Why You Should Encourage Your Employees to be Entrepreneurs

Are you worried about keeping employees in your workplace happy and engaged as the economy picks up and competitors start to hire? Are you concerned about maintaining your competitive edge in terms of innovation and industry leadership? One way to accomplish both of these challenging goals is to encourage entrepreneurship in your workplace.

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At first glance, fostering entrepreneurial employees might seem like shooting yourself in the foot:

“Why should I encourage employees who are just going to start their own businesses and leave?  They might even work on their own businesses on my time—and dime. No, thanks.”

But the benefits of encouraging entrepreneurial individuals in your workplace more than outweigh these risks. For decades, big corporations have sought out and nurtured “intrapreneurs” within their ranks. These employees, who have many of the self-motivation and leadership skills associated with entrepreneurs, are used to start and head new divisions, initiatives or projects within the company—and in doing so, they give big companies some of the advantages that smaller, more nimble entrepreneurial businesses enjoy.

A recent post on the Harvard Business Review blog drew an interesting distinction between two types of people: entrepreneneurial-minded people (EMPs) and serial entrepreneurs (SEs).  SEs are what we think of as traditional entrepreneurs. They have a desire to own their own businesses, are highly individualistic, want to be in control and have a “sense of urgency.”

EMPs share some characteristics of traditional entrepreneurs, but are happier within a company and working with a group toward a goal. They like organization, consistency, and working in teams. Clearly, a lot of these desires aren’t compatible with the often chaotic, lonely and ever-changing lifestyle of the true entrepreneur. But the good news is, as an entrepreneur, you can benefit from the entrepreneurial mindset of these employees.

Identifying EMPs in your workplace shouldn’t be too hard. It’s easy to spot the employees who like to be told what to do, follow rules and go home at the end of the day. But what about the employees who want something more—who want to come up with their own ideas, take charge and pursue them with a passion? These employees are also easy to spot—and should be encouraged.

Here are some ways to test and nurture your EMPs:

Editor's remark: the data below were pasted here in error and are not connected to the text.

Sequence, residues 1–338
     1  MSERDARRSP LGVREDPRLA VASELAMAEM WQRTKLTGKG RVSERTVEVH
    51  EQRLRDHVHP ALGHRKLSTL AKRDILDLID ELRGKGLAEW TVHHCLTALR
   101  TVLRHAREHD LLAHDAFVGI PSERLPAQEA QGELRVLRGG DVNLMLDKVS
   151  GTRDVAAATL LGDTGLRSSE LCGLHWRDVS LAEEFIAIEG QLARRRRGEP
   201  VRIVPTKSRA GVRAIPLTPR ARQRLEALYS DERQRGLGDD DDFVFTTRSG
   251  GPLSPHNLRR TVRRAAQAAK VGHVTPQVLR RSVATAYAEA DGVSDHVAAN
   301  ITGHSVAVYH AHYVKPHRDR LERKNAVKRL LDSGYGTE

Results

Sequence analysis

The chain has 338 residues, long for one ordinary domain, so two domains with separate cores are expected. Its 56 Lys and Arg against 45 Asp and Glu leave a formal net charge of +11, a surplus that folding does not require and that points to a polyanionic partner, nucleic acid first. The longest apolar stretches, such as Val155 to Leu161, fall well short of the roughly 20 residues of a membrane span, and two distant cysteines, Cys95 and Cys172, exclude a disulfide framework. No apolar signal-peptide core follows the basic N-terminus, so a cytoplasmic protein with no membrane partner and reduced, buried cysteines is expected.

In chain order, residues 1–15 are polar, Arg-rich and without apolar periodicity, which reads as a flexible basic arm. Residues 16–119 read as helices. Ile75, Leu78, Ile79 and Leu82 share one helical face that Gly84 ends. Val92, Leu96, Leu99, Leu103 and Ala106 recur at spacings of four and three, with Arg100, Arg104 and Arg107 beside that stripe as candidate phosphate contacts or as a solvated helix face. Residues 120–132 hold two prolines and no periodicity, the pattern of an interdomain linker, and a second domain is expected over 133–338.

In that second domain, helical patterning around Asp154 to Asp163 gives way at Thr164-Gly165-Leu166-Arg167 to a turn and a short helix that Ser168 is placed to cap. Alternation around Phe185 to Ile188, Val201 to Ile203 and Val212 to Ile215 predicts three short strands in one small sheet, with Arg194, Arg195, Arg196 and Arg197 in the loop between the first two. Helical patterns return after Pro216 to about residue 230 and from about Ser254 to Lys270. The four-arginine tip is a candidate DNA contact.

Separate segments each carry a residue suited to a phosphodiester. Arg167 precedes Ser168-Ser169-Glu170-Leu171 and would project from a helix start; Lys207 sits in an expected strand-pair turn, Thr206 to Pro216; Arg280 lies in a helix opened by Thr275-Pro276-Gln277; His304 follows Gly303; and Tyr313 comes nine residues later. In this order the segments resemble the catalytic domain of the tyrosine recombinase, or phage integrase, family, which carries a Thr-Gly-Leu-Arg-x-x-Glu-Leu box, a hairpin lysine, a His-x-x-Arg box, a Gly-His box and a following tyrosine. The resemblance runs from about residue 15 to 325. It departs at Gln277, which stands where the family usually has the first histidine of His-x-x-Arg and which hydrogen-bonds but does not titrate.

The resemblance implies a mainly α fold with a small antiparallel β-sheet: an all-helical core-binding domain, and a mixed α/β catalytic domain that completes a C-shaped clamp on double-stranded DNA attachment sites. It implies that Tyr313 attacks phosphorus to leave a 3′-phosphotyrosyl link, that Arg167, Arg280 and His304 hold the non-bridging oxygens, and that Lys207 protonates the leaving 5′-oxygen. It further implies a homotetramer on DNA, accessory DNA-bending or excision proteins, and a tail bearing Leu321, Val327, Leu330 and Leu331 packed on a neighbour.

• Ask them to come up with ideas for a new product, service or way of doing things.
  • Put them in charge of a project. Give them a goal, and let them figure out how to accomplish it.
  • Tie reward to their accomplishments via a bonus or pay-for-performance structure.
  • Let them lead a team.

EMPs can be found at any level, from your managers to your front-line staff, and should be encouraged at any level, too. Even an entry-level employee can be handed a goal and allowed to figure out how to achieve it, asked for new ideas, or rewarded for accomplishments. No matter where they are in your company, EMPs are eager to stretch, so challenge them!

Along the way, you may find some of your EMPs are really SEs. And yes, one or two may leave your business. But if you keep them happy and challenged, you will benefit enormously from their contributions while they’re with your company. And that’s really the most you can hope because, as you know yourself, you can’t keep a true entrepreneur in a cubicle.

How are you encouraging entrepreneurship in your workplace?


Encourage Employees Photo via Shutterstock

7 Comments ▼

Rieva Lesonsky


Rieva Lesonsky Rieva Lesonsky is a staff writer for Small Business Trends covering employment, retail trends and women in business. She is CEO of GrowBiz Media, a media company that helps entrepreneurs start and grow their businesses. Follow her on Google+ and visit her blog, SmallBizDaily, to get the scoop on business trends and sign up for Rieva’s free TrendCast reports.

7 Reactions

  1. I have never heard the term Entrepreneurial-Minded Person (EMP), but I love it! I guess that is what I was at my last “job” working for a large corporation. Problem is they weren’t looking for EMPs, so I was stuck with “normal employees” doing normal employee things and bored out of my mind. No challenge in putting in 8 hours a day and collecting a paycheck…

  2. I think it’s a great idea to test your EMPs. Only recently in our organisation we had a big brainstorm about new marketing ideas. Only this time we added other employees who usually don’t take part in these kind of meetings. The success we had was great, none of us expected these employees whose job isn’t related to marketing come up which such great ideas.

  3. Agreed. EMP is important for us to develop for future innovation within our orgs. One of my clients, Ryan Blair, had a good comment on this same topic http://youtu.be/baDAktNhKVQ

  4. What a refreshing article. I could not agree more. In the past, entrepreneural people were considered nails sticking up that needed hammering down. They challenged micro managing leaders and as a result drove many into creating their own businesses.

  5. Clearly, a lot of these desires aren’t compatible with the often chaotic, lonely and ever-changing lifestyle of the true entrepreneur. But the good news is, as an entrepreneur, you can benefit from the entrepreneurial mindset of these employees.

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